Malcolm and Muff Graham
While researching the case of a San Diego sailing couple brutally murdered on Palmyra Island in 1974, retired L.A. deputy public defender Tom Bucy, made a surprising discovery. A law school student in Hawaii had written an article about handling a bag containing the skull of one of the victims in the spring of 2009 during a classroom lecture by an FBI agent.
Bucy was amazed that the remains of slain sailor Eleanor “Muff” Graham remained unclaimed in FBI storage so long after the trial instead of receiving a proper burial, and he vowed to do something about it.
Graham and her husband, Malcolm “Mac” Graham, had disappeared on Aug. 29, 1974, after sailing about 970 miles south from Hawaii to the Palmyra atoll. The home port for their sailboat, Sea Wind, was a marina on Shelter Island, and they were well known in the San Diego sailing community.
Shortly after the Grahams’ disappearance, an ex-convict and his girlfriend were arrested for stealing Sea Wind, but they weren’t charged with murder until a traveling sailor stumbled across Muff’s remains on the Palmyra beach in 1981. Her broken and bleached bones were spilling out of a half-buried metal chest that apparently had washed ashore.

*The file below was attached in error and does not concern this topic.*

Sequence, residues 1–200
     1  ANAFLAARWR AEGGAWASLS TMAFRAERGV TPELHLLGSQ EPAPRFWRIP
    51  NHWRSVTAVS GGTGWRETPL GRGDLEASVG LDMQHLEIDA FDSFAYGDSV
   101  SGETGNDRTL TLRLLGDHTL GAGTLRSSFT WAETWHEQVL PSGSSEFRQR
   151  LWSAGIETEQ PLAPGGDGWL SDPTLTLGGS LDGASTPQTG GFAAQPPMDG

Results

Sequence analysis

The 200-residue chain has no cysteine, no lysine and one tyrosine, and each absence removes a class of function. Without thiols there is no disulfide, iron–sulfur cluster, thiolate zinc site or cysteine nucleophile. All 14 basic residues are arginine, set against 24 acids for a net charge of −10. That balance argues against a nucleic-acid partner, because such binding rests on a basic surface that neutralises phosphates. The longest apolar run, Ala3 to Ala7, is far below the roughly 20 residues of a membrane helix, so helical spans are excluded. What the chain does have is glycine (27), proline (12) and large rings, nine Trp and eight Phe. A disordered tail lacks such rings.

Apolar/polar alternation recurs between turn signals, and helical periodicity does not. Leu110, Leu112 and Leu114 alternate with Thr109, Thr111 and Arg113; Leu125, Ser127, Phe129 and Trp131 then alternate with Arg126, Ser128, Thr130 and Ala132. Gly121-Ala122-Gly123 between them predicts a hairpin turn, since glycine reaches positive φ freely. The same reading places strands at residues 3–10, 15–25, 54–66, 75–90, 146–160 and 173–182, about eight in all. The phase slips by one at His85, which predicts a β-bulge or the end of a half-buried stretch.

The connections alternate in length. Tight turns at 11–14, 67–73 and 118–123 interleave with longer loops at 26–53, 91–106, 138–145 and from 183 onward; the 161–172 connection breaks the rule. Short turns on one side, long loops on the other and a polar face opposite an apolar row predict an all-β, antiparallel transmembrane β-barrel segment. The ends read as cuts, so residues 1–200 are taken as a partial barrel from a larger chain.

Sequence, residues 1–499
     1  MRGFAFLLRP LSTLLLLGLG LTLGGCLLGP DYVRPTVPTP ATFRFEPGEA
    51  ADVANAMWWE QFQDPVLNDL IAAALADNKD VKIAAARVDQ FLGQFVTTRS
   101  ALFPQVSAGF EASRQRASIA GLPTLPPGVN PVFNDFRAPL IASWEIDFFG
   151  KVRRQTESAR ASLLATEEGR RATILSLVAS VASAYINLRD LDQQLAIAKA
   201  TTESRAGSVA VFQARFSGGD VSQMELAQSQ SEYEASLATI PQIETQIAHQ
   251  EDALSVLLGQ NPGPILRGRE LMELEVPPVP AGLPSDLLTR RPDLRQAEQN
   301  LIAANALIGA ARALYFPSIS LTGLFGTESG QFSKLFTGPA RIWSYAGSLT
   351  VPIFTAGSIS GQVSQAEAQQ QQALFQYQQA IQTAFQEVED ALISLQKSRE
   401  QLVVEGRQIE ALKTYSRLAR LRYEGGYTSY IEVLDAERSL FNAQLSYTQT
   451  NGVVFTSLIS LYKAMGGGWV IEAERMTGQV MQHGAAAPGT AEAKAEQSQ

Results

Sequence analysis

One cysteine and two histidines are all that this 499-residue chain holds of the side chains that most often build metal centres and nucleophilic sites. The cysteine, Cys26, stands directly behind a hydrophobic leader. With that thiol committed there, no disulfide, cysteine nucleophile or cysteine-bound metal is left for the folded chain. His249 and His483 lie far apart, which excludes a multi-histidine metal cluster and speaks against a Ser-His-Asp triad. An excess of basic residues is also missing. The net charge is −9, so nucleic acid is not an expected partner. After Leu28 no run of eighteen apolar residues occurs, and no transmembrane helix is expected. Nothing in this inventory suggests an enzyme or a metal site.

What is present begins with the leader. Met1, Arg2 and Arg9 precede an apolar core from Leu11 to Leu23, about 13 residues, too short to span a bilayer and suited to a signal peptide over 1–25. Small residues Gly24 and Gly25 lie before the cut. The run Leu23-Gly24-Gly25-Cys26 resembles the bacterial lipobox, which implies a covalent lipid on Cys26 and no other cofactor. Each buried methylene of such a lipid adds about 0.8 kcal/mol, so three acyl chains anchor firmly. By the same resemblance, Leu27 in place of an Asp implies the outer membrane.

Her husband’s body, presumed to have been dumped at sea, has never been found.
The ex-con, Buck Duane Walker, and his girlfriend, Stephanie Stearns, had arrived at Palmyra in their shabby, poorly stocked boat while the Grahams were anchored there.
Walker was tried first, convicted and sentenced to life in prison for Muff’s murder, thanks, in part, to the testimony of a fellow inmate to whom he’d made a jailhouse confession. Suffering from terminal cancer, he was paroled in 2007 and has since died.
While Walker was represented by a public defender, Stearns, from a well-to-do family, was defended by high-profile attorney Vincent Bugliosi, Charles Manson’s prosecutor. She was acquitted.